Another major focus is lifelong learning. People keep learning throughout their career to keep pace with the economy that is constantly evolving technologically and innovatively. In this age of automation, people have to acquire new skills and knowledge constantly. More fundamentally, it’s about having the mindset and attitude to want to learn all the time. Learning and doing go hand in hand, rather than one following the other.
There are many educational exchanges and partnerships between Singapore and Korea, from elementary school to university and research institutions. Many Singaporean students and teachers come to Korea on vacation, and the numbers are increasing every year, with more than 1,000 Singaporean university students coming to Korea annually for summer programs.
Many Koreans also go to Singapore to take advantage of our bilingual programs offering English and Mandarin education. Our dual-language education policy ensures children starting from kindergarten learn English and another language of their ethnic background, be it Chinese, Malay or Tamil.
Exploring the elevated walkway in Singapore (NParks)
KH: Singapore has been among the world’s most successful in urban planning, development and management. How does urban governance work and how can Singapore and Korea cooperate in the green growth paradigm of the future?
Yip: Singapore being a city-state, we don’t have as many layers of government as other countries. Singapore’s administration is divided into five regions with their own mayors, who are not full-time mayors but simultaneously have a government appointment. The mayors work with local town councilors who manage the affairs of estates and provide day-to-day municipal services.
The advantage of our system is that national policies get filtered down and implemented much quicker and in a more cohesive manner.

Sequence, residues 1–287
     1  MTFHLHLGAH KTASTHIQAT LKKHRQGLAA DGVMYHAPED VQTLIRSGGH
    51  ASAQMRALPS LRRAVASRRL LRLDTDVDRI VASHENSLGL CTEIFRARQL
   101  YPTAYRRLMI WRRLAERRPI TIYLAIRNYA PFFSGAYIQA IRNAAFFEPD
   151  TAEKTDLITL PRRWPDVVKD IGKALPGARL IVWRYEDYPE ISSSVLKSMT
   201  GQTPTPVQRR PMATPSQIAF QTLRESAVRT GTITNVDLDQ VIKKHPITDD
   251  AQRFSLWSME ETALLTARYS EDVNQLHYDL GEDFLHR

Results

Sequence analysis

There are different channels through which citizens can participate in the city’s affairs. Through formal channels set up by the Urban Redevelopment Authority (the national urban planning authority of Singapore), they can give ideas, suggestions and feedback on various projects.
Furthermore, people join the Residents’ Committees -- introduced in 1978 to promote neighborliness, racial harmony and community cohesiveness among residents within their Residents’ Committee zones in Housing and Development Board estates -- and give inputs regarding their precincts’ safety and physical environment to members of parliament or town council.
Then we have the “Meet-the-People Session,” a series of weekly one-to-one meetings between elected members of parliament and their constituents. All parliamentarians devote one evening per week to meet their constituents and listen to their concerns. All our ministers have a Facebook page or other social media account, and even announce their policies through them.
Things we have done well in an urban context are public housing, water management, public transportation and reduction of carbon footprint through green technologies and processes. We have launched citywide pilot projects in rooftop gardening and farming and as well as vertical farming. The greening of rooftop also helps cool down the building and city.
Virtually all of our energy is produced from natural gas power stations, with the gas imported from countries in the region. Our natural topographic conditions are not ideal for renewable energy, but our storage technology for renewables has improved a lot.
As Southeast Asian economies develop and expand over the coming years, their appetite for energy, particularly renewables, will increase exponentially. This will present vast opportunities for collaboration with Korean companies, research institutes and government agencies. One partnership already in the works is between LS Industrial Systems, a Korean electric power solutions provider, and the government-funded Energy Research Institute at Nanyang Technological University in Singapore, to build a microgrid system for renewable energy on Semakau Island in southern Singapore.
By Joel Lee (firstname.lastname@example.org